What Are the Benefits of Positive Reinforcement in Kids?

By Kay Ireland
Looking on the bright side could help your child's self-esteem.
Looking on the bright side could help your child's self-esteem.

When your child is acting up in a grocery store or uses disrespectful language, it's hard not to focus on the negative. Punishment -- a time-out, or taking away privileges -- is a type of negative reinforcement. While negative reinforcement can be an effective form of discipline, you may be surprised to know that positive reinforcement -- praise and attention -- has some distinct benefits in getting the best behavior out of your child


One of the most compelling benefits of positive reinforcement in kids is the fact that it is, in a word, effective. A study published in a 2011 issue of the Journal of Applied Behavior Analysis found that when compared to negative reinforcement, positive reinforcement ensured quicker disciplinary results in a 10-year-old with autism. Positive reinforcement acts as preventative medicine for your child's misbehavior. Instead of punishing when your child acts up, she's motivated to seek praise and kudos before making behavioral choices.


Let's face it: putting your child in time out doesn't do much for his confidence. And while you might try to focus on his behavior alone, there's a chance he could associate his punishment with being a "bad boy." Focusing on positive reinforcement -- and being specific -- gives your child a self-esteem boost. Instead of thinking of himself as bad, he sees the ways he excels through your words and attention, which helps create healthy confidence.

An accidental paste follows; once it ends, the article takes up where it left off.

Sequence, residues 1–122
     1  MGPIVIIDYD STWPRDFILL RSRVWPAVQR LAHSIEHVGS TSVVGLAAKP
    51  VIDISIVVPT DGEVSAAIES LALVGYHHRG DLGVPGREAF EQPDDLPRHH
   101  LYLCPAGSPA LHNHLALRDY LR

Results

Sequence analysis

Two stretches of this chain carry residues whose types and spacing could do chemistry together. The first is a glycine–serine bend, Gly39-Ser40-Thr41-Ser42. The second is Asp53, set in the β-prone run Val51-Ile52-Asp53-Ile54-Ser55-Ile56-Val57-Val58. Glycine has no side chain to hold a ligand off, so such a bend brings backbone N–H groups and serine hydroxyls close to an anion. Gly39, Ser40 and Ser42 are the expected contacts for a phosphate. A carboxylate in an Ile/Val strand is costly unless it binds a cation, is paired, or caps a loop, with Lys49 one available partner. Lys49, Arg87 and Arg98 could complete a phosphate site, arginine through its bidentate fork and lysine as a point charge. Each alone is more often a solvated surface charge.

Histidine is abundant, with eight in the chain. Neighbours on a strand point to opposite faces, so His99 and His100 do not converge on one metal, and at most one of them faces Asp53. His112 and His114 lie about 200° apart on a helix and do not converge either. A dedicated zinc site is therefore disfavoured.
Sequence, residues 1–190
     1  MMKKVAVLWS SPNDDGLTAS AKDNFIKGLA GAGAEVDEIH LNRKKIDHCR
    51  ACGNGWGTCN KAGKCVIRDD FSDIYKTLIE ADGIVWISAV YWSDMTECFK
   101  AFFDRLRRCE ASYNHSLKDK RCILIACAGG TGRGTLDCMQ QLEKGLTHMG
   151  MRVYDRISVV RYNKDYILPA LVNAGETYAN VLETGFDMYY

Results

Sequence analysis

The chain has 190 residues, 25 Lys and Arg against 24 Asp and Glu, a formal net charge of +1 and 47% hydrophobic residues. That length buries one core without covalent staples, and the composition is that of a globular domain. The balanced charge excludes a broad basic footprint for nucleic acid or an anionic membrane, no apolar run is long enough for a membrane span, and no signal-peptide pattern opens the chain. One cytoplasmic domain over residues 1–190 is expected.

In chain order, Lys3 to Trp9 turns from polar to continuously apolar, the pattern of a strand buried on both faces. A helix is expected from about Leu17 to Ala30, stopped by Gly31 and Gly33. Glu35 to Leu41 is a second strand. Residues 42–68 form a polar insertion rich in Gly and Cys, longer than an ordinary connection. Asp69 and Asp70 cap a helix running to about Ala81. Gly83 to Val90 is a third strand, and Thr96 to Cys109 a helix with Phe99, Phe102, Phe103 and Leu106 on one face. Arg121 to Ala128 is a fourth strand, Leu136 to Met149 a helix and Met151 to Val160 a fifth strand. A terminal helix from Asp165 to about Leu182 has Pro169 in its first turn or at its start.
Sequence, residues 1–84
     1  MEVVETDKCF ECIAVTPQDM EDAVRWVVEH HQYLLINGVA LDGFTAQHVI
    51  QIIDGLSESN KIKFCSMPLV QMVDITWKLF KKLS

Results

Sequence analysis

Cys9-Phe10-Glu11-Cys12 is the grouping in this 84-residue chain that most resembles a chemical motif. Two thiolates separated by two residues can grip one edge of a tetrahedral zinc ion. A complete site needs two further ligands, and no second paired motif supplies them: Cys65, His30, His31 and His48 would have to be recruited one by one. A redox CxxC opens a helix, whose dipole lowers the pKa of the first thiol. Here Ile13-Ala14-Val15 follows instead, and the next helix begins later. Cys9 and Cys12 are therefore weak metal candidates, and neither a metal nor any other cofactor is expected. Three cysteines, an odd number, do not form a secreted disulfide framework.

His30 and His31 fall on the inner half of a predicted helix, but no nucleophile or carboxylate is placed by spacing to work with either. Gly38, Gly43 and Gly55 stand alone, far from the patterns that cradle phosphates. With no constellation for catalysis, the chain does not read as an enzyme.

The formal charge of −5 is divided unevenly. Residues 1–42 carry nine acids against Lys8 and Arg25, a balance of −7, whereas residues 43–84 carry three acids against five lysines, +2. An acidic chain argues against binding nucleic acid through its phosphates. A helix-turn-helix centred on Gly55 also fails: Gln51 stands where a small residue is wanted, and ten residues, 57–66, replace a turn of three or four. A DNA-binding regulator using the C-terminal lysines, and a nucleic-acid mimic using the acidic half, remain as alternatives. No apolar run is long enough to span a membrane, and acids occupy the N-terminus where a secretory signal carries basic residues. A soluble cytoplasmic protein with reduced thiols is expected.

Intrinsic Motivation

When you negatively punish your child for misbehaving, you're the motivation behind stopping the behavior. For instance, if you catch her fighting on the playground and remove her, it's because you want her to behave a certain way. Using positive reinforcement, however, helps create an intrinsic motivation for your child to behave. Instead of exhibiting good behavior because she might get in trouble with an adult, she's on her best behavior because she wants praise and the good feelings that go along with positive reinforcement. It means you can police your child less and let her make her own choices more often.

Parental Benefits

Your child isn't the only one to benefit from a kind word, a hug and attention when he's behaving well. You'll also get to see some of the benefits of positive reinforcement in your parenting style. Focusing on the positive and giving your child quality time can help grow your confidence in your own parenting skills and teach you to choose the appropriate type of discipline for various situations. A "Positive Reinforcement and Rewards" handout from the Purdue University Provider-Parent Partnerships website suggests using the following logic when deciding on a course of discipline: Can your child's poor behavior only be stopped by punishment, or can you use a positive method to get the behavior you want? Taking the time to think through the conflict can stop you from making snap discipline decisions that do more harm than good.

About the Author

Kay Ireland specializes in health, fitness and lifestyle topics. She is a support worker in the neonatal intensive care and antepartum units of her local hospital and recently became a certified group fitness instructor.